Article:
By Ellen Campbell
I’ve just finished reading a book that I found so intensely interesting and well-written that I felt led to recommend it to others.
It is one of author David McCullough’s excellent books, The Great Bridge. Thinking it was McCullough’s newest after reading a newspaper review, I requested it at our library. Instead, I found it was copyrighted in 1972, but has been republished in 2012 with some additional notes. I believe I’ve read every one of his other books, but missed this one the first time around. His books are all documentaries, thoroughly researched, but they read like novels.
The Great Bridge is the story of engineer John Roebling who had the vision for this bridge (the longest suspension bridge in the world at the time) spanning the East River between Brooklyn and New York City. He drew the original plans and conceived of ways to do the job, but met with a freak fatal accident when the work was barely begun. His son, engineer Washington Roebling, took over the building of the bridge, which took fourteen years to construct, 1869 to 1883. If it had not been for the son’s skill and courage as well as his wife’s dedication, the bridge would never have been built. It met with opposition from some politicians and newspaper editors from the outset, and there were many delays.
One of the very worst problems was in the early stages of building the caissons that had to be sunk clear down to bedrock many feet below the surface. The mysterious disorder called “the bends” sickened a number of employees who had to descend to the bottom to work. No one was familiar with it at the time, though deep-sea divers encountered the same phenomenon later.
Chief Engineer Washington Roebling himself succumbed to it and remained in ill health the rest of his life. For the last few years of construction he didn’t even appear at the worksite. Instead, he sat in an upper window of his nearby house watching the proceedings through a telescope. Amazingly, from that remote supervision, when the sub-engineers brought problems to him he was able to figure out exactly how to solve them.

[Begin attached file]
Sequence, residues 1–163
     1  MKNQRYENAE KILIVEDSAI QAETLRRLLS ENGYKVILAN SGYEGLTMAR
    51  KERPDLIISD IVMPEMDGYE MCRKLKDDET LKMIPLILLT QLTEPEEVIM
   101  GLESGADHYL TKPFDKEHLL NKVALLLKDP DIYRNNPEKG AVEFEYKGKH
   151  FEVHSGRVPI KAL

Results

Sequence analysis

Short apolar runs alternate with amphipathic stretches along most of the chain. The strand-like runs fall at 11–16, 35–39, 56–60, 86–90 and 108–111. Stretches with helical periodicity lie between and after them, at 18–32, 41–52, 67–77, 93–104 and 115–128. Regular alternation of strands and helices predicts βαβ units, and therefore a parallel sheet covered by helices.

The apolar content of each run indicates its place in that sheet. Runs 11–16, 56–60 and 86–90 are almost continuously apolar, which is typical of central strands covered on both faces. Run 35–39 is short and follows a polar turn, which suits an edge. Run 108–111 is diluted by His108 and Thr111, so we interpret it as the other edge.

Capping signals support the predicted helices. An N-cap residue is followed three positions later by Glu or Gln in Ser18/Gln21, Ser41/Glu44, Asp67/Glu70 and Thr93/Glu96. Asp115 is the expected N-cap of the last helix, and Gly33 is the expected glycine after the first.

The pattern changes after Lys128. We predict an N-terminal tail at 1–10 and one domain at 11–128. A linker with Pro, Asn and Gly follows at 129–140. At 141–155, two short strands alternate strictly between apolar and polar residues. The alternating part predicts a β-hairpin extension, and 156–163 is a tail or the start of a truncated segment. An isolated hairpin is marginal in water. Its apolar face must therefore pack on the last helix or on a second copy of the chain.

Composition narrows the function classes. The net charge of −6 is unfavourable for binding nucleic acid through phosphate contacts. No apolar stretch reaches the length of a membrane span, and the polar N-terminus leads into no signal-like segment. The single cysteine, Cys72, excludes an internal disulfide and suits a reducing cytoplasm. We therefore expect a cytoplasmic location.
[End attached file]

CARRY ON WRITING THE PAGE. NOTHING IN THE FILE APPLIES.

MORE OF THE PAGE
There are many interesting side issues mentioned in the book, including interaction with the infamous Tweed Gang. I was intrigued with it all, even the engineering diagrams. The book holds one’s interest through all the criticisms of the bridge, the outright skullduggery, accidents, wire fraud, and the fascinating description of spinning the suspension cables. My own emotions included fear and apprehension, then pure joy and exhilaration when the bridge was finished.
There was a huge celebration when the great bridge was dedicated on May 24, 1883 with special guests President Chester Arthur and Governor Grover Cleveland. Now, each time I catch a glimpse of the Brooklyn Bridge on a New York TV show or in a photograph, I recognize it and have a feeling of pride and ownership.